Why is it that Australia, naturally so rich, has these extraordinary conditions; enormous wealth and yet starvation; beggary and affluence side by side, magnificent cities and lands untilled? Well, it is a long story, but let me give you two or three things. First, it is due to physical conditions of the country. Australia is a continent, not the largest, but still a continent, and it is rimmed in with mountains that nowhere are far distant from the coast, and which sometimes send their spurs right out to the sea. As a natural consequence of that you have a small coastal belt of generally well-watered land, generally by tropical rains, and then you have the interior country, drier and drier till you come to a low area of ground below the sea level, and perfectly arid so far as anything in science or art now knows-designed to be uninhabitable for all time to come.
Then you have in these great plains grasses, wonderful grasses when you have rains, but rains are uncertain. When you have good times the pastures grow rich very quickly. A man will go in there and in a few years he may have an area of country larger than that tilled by any English nobleman and more flocks and herds than any prince of the Orient, and yet the seasons may change and in five years he may be reduced to the poverty from which he just emerged. Then you have beneath that soil, or in the land itself, marvellous mines gold, silver, copper, tin, iron, coal. But these mines of precious metals are even more uncertain than the seasons in Australia. A man may go out and he may work and delve for eight hours, for ten hours and twelve hours-he is independent out there-and live upon the meanest food and continue to do that all his life, and then end in the poor-house; and that is the explanation why it is there is such a large number--relatively, such an immense number--of people maintained in the poorhouses of Australia. But on the other hand, he may go out today without a penny and he may, with the turn of his pick, unearth the treasure of a Croesus, and so you have these wonderful transitions of fortune.
No skill can tell when a man will be successful; no labour will make him successful. In the State of New South Wales there is a great belt of country where you will see holes, some shallow and some very deep, and in these shafts you will see that they have burrowed under the ground searching for gold, mile after mile of country, and the majority of these men have got nothing, and if they have made a little find they have probably compensated themselves for the privations suffered by going on a debauch and thus swallowed up all the results of their good luck. The effect of conditions like these is to breed a race of men bold, enterprising, and speculative, believing in good luck more than they do in God, I am afraid; ready to take any chance, or as you have been commonly told, ready to bet on anything from a race-horse to a laughing jackass; ready to take chances, trust to luck, optimistic and believing something is going to turn up by and by, and enduring the privations of the present in that hope. As an illustration, during the drought the Government had a message from a little town saying: " Our water supply is nearly exhausted, send an officer up to try and relieve us from our distress." The officer went down and when he got there it is said there wasn't a single man in the whole place. They had all gone off to a neighbouring town to attend a horse race. That is the physical condition.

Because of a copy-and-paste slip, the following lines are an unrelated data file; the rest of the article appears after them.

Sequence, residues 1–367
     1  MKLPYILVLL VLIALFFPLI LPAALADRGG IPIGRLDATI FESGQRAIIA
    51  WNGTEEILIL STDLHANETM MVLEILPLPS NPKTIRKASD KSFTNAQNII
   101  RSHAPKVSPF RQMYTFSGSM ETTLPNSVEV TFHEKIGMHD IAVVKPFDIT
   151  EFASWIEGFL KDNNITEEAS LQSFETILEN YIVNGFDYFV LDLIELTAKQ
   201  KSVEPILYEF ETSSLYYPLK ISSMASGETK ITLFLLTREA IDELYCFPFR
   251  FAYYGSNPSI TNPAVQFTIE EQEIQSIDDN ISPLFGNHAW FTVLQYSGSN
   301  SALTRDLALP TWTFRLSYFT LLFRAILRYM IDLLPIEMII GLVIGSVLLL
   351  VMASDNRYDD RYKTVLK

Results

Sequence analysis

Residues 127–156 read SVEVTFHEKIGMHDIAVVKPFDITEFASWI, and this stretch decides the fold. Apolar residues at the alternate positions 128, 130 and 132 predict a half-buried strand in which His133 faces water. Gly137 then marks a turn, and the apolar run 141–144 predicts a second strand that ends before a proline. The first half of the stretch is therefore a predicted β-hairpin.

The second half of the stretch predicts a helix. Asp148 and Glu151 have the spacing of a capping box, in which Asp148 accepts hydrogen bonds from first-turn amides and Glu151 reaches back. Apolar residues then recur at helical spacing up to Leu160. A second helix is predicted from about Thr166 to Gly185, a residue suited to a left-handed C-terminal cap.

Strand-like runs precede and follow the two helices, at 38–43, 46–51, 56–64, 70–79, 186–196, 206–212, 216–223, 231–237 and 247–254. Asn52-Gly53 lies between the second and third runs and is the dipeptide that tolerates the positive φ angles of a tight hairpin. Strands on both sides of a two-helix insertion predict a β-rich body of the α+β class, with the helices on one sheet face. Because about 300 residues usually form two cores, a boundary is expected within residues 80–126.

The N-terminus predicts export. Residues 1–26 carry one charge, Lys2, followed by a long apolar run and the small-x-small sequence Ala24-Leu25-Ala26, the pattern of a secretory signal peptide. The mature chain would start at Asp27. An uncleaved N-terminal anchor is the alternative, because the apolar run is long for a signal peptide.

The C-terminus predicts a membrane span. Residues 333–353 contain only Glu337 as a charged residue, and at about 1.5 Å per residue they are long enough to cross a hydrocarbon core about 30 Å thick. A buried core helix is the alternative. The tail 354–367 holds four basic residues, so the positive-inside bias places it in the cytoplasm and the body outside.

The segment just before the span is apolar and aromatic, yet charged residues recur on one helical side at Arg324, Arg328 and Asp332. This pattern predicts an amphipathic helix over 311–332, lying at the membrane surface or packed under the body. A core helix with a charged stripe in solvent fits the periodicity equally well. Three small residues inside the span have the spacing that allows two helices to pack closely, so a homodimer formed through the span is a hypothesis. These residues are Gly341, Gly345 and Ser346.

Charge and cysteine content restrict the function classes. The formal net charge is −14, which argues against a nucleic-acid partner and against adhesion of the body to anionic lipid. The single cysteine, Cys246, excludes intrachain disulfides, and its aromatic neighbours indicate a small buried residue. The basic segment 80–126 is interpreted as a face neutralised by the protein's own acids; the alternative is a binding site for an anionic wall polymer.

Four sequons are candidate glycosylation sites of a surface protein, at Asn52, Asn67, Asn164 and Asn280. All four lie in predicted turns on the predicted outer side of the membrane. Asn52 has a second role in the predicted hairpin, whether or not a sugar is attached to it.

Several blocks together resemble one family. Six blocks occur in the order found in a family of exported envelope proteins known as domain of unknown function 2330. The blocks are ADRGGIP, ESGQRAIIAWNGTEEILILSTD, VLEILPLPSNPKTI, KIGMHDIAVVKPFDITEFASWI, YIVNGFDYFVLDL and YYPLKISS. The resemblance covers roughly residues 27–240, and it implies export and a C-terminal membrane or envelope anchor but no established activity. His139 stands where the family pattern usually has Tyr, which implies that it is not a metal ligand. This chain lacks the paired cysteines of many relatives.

Then there is another condition; that is the history. Unfortunately Australia was founded as a penal colony. The people who went out there were just of two classes; there were first the convicts. Some of them were sent out for things that would not now be considered a crime, but the most of them were, after all, the scum of the United Kingdom; and then on the other side you had the officers who had them in charge--officers of regiments who were their guards. Now these officers became the employers and the convicts became the first labourers, and with the exception of some blacks, who could be induced or forced to do certain things, they comprised for a long time to come the whole of the labouring classes of Australia. The first emigrants carried out with them the class prejudices of England, but worse than that the employer was looked upon as an honest man, at least technically so, and the other was the thief. And when you have these chasms between the two great classes of the country you get what must remain for fifty years, even after free labourers had come, the stigma of a convict labourer attached to the man honestly endeavouring to earn a livelihood. In 1850 there came those extraordinary discoveries of gold and silver which enriched Australia so enormously. They have taken out of the hills and valleys of that country three thousand million dollars worth of these precious metals.